Today's NCT story is about the city jumping for joy that they've been overtaxing Encinitas families despite several years of fear mongering:
New employees, programs proposed in Encinitas
By: ADAM KAYE - Staff Writer
ENCINITAS ---- Despite a flagging real estate market, strong property tax income means the city can build increased cash reserves into its $53.4 million budget and pay for new programs and employees, finance officials said Monday.
The information is part of a proposed spending plan for fiscal year 2007-08 that will be considered by the City Council at a 5 p.m. workshop today at City Hall, 505 S. Vulcan Ave.
Also up for debate is the city's six-year financial forecast and capital improvement program.
No action is scheduled today and the council it set to adopt its spending plan on May 23 or June 20.
The plan for fiscal year 2007-08, which begins July 1, shows the city receiving $4.1 million more in revenue than it plans to spend.
Operating budget revenues are anticipated at $53.4 million. That's a $2.4 million or 4.7 percent increase from the present fiscal year.
The projected increase follows a recent pattern: from fiscal years 2004-05 to 2005-06, the budget increased by $1.4 million or 3 percent, from $46.5 million to $47.9 million.
From fiscal 2005-06 to 2006-07 it increased by $3.1 million or 3.1 percent, from $47.9 million to $51 million.
The operating budget, also known as the general fund, pays for employee salaries and benefits, materials and supplies, contract services and debt payments.
Most of the general fund's projected income ---- $33.1 million ---- comes from property taxes.
Property tax revenue is anticipated to increase $2 million or 6.4 percent during fiscal 2007-08. That's because the taxable value of older homes climbs substantially when they are reassessed and sold, said Jennifer Smith, finance director.
While property tax income remains brisk, officials are budgeting for reduced growth in Encinitas' second-biggest income source: sales tax.
Sales tax income for fiscal year 2007-08 is budgeted at $9.1 million. That's a $180,000 or 2 percent increase. During most years, officials anticipate 3 percent to 4 percent sales tax growth, Smith said.
She said new shopping centers in neighboring cities have drawn away customers who previously spent their money in Encinitas. The city also lost one of its top sales tax producers, Mossy Chevrolet, when that business closed last summer, Smith said.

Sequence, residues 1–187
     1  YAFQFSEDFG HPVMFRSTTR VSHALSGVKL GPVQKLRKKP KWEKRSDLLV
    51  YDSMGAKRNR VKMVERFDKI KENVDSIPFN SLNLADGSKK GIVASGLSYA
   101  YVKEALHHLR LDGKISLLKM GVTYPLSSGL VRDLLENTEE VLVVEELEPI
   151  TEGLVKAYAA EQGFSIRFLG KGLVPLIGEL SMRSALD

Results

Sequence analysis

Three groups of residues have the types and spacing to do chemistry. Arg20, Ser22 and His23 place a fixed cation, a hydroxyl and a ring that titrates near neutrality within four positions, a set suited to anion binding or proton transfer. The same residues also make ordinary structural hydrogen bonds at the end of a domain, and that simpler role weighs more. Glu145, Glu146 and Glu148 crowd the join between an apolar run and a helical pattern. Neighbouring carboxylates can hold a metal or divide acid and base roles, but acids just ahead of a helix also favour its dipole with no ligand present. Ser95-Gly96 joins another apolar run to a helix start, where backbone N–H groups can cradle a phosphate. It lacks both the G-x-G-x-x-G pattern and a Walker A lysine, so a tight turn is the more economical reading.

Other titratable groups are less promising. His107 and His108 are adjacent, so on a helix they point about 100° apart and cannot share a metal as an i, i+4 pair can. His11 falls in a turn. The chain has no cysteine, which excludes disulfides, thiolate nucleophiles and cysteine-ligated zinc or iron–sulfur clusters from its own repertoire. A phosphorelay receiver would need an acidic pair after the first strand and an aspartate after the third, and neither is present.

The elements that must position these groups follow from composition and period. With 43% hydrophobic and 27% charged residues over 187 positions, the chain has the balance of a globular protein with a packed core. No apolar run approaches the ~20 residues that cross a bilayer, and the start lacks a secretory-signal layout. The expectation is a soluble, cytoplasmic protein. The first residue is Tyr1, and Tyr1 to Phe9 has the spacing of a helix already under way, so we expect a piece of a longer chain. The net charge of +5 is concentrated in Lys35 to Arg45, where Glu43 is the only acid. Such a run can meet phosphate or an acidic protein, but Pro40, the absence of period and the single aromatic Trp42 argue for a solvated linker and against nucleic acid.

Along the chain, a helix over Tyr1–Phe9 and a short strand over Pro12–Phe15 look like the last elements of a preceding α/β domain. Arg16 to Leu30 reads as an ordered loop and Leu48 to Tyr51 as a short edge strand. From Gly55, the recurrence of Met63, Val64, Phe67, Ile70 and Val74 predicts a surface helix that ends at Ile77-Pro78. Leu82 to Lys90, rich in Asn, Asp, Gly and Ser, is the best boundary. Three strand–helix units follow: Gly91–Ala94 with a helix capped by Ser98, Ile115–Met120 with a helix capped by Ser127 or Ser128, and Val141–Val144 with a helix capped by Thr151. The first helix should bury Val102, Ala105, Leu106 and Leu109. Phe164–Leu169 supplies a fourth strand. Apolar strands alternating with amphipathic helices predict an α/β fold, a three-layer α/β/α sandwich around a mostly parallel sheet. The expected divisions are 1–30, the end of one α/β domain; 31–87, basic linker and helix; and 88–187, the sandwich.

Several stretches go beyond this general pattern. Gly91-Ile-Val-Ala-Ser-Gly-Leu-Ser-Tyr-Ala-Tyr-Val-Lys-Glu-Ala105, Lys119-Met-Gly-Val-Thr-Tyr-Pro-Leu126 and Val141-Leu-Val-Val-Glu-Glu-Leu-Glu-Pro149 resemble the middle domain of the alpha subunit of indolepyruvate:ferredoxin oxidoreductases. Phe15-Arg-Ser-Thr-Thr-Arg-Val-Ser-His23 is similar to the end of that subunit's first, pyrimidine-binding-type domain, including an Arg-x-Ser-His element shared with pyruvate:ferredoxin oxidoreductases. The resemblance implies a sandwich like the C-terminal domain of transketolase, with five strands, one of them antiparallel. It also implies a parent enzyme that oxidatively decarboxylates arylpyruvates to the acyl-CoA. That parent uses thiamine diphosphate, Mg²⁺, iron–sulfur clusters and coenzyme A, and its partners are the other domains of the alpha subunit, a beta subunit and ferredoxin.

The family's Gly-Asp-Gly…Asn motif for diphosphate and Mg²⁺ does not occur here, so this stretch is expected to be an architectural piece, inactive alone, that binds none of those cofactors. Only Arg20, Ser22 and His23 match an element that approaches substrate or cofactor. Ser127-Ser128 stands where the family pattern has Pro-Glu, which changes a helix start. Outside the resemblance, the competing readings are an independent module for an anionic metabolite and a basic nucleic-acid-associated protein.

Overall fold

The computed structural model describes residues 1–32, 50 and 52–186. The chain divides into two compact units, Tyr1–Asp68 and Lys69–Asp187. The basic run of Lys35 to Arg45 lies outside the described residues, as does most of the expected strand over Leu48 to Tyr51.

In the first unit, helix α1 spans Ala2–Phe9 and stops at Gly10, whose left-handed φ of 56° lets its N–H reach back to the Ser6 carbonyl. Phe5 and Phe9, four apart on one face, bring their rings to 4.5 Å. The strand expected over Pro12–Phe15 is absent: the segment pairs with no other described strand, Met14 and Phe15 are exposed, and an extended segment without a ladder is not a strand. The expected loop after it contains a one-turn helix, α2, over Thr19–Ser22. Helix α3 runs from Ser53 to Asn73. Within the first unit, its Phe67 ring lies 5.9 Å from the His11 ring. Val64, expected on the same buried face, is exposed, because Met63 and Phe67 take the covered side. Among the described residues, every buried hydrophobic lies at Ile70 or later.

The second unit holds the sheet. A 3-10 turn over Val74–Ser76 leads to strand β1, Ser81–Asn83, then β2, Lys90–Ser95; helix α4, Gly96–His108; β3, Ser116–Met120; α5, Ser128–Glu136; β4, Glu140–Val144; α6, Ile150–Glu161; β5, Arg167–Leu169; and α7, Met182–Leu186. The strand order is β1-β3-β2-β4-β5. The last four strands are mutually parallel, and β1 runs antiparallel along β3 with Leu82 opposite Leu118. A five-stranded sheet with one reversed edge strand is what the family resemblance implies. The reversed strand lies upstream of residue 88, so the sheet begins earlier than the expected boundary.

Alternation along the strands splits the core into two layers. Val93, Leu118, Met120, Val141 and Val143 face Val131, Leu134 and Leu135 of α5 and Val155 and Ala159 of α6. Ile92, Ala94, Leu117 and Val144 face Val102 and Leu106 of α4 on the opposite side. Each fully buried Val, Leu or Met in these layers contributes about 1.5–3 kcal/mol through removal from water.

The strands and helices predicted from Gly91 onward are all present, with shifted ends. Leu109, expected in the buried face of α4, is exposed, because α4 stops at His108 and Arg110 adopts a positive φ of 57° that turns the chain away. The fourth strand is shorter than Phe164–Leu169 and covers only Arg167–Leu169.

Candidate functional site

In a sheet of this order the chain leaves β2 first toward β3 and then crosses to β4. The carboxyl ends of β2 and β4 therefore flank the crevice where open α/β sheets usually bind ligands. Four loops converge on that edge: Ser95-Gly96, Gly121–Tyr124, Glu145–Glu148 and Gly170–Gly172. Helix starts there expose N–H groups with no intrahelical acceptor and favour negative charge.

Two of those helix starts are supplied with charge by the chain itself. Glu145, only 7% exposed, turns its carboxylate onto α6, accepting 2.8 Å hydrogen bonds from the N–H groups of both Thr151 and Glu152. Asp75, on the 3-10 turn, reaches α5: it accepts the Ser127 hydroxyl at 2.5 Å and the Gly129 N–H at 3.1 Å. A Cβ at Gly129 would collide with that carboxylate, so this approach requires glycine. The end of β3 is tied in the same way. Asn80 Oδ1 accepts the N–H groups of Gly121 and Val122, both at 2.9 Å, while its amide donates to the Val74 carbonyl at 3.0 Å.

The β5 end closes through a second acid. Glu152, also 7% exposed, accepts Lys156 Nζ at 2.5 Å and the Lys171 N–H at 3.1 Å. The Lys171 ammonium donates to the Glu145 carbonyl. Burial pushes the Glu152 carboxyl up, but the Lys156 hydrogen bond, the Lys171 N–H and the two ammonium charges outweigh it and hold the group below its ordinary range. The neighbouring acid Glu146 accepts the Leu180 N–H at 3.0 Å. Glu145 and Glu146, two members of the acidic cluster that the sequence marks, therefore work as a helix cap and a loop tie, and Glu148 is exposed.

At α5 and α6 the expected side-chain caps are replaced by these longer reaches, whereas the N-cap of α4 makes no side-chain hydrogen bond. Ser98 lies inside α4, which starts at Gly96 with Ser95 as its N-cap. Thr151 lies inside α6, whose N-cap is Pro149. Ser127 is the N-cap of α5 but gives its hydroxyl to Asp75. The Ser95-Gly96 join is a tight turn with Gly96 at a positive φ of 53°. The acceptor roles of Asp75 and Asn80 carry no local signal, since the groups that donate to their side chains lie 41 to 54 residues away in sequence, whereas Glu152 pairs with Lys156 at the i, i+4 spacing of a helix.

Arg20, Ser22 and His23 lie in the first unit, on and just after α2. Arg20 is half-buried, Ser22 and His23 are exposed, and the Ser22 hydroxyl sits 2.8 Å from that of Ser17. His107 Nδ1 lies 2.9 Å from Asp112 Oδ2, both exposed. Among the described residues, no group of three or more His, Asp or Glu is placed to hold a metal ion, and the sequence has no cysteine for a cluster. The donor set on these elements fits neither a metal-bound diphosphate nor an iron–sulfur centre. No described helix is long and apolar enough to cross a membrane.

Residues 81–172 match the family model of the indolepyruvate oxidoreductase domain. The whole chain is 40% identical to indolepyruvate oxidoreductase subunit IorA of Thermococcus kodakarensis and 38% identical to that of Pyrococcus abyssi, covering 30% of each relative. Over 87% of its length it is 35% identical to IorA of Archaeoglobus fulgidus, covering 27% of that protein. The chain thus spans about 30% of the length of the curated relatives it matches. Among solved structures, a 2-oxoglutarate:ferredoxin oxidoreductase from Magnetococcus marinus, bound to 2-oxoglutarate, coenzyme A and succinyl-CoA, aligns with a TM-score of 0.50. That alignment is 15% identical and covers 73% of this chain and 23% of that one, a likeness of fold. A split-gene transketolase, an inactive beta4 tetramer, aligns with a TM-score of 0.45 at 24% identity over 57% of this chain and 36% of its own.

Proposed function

Other income sources for fiscal year 2007-08 include miscellaneous taxes and fees ($3.4 million); licences and permits ($163,000); intergovernmental revenue ($453,000); charges for services ($5.2 million); investment earnings ($991,000) and fines and penalties ($834,000).
The budget's expense column shows employee salaries and benefits as the city's top cost, $22.6 million. Personnel costs in fiscal 2007-08 would increase by $1.4 million or 6.6 percent.
Part of the increase comes from plans to add 3.4 employees to the payroll, which would bring the number of full-time equivalent positions to 240.8 employees.
Two of the positions would support the city's clean-water program. Also budgeted is the $29,000 purchase of a new, off-road vehicle for the "Stormwater Environmental Specialist" to complete his or her duties.
The coastal zone manager's job would increase from a 20-hour to a 36-hour-per-week position.
Another full-time position, program assistant in the Parks and Recreation Department, is proposed to handle registrations at city facilities.
Elsewhere, contract services would represent $20.2 million in fiscal year 2007-08. The largest single contract, to the San Diego County Sheriff's Department for law enforcement services, is budgeted at $11.2 million.
In future years, new expenses include budgeting for maintenance of a planned park in Cardiff. Starting in fiscal year 2010-11, the city will set aside $250,000 for park upkeep. That amount would increase to $500,000 beginning in fiscal year 2011-12.
Starting in fiscal year 2008-09, the budget shows $500,000 annual contributions to a fund to pay for retired employees' health benefits.
Sooner, in fiscal year 2007-08, the operating budget would contribute $3.7 million toward the cost of capital projects planned for the year.
This year, nearly $2 million in unanticipated property tax income has meant the city can increase its rainy-day savings to $9.1 million, or 20 percent of planned expenditures, Smith said.
The Finance Department also has proposed establishing a so-called "budget stabilization reserve" ---- with an initial allocation of $1 million ---- to restore the budget in the event of a recession, she said.
Also up for debate today is an estimated $11.1 million worth of capital improvements, including: $80,000 for the state-mandated collection of hydrologic, hydraulic and water quality data for four lagoons in North County; $15,000 for a community opinion survey; $90,720 for improvements to a new Encinitas Visitors Center on Second Street; $500,000 toward a comprehensive general plan update; and $765,000 to establish a quiet zone at the Chesterfield Drive rail crossing. In recent years, the city has studied how to modify the crossing so it could stay safe if train horns were silenced.
Burning questions: If the budget is so kick ass why were we threatened with street lights going out and a lack of a clean water program? Why doesn't the coastal Leucadia mainsteet on Hwy 101 have a streetscape program and why are Cardiff's alleys still oozing? If the budget is so solid why did the city borrow $20 million in bond debt? Can the city afford to build the $35 million Hall Park? Is there any chance of the city ever reducing fees? Why are our water bills filled with strange increases? Why no mention of the "shoot for the moon" firestations?
>>UPDATE<< Today's NCT.com recap of the budget workshop,
Encinitas mulls $53.4M budget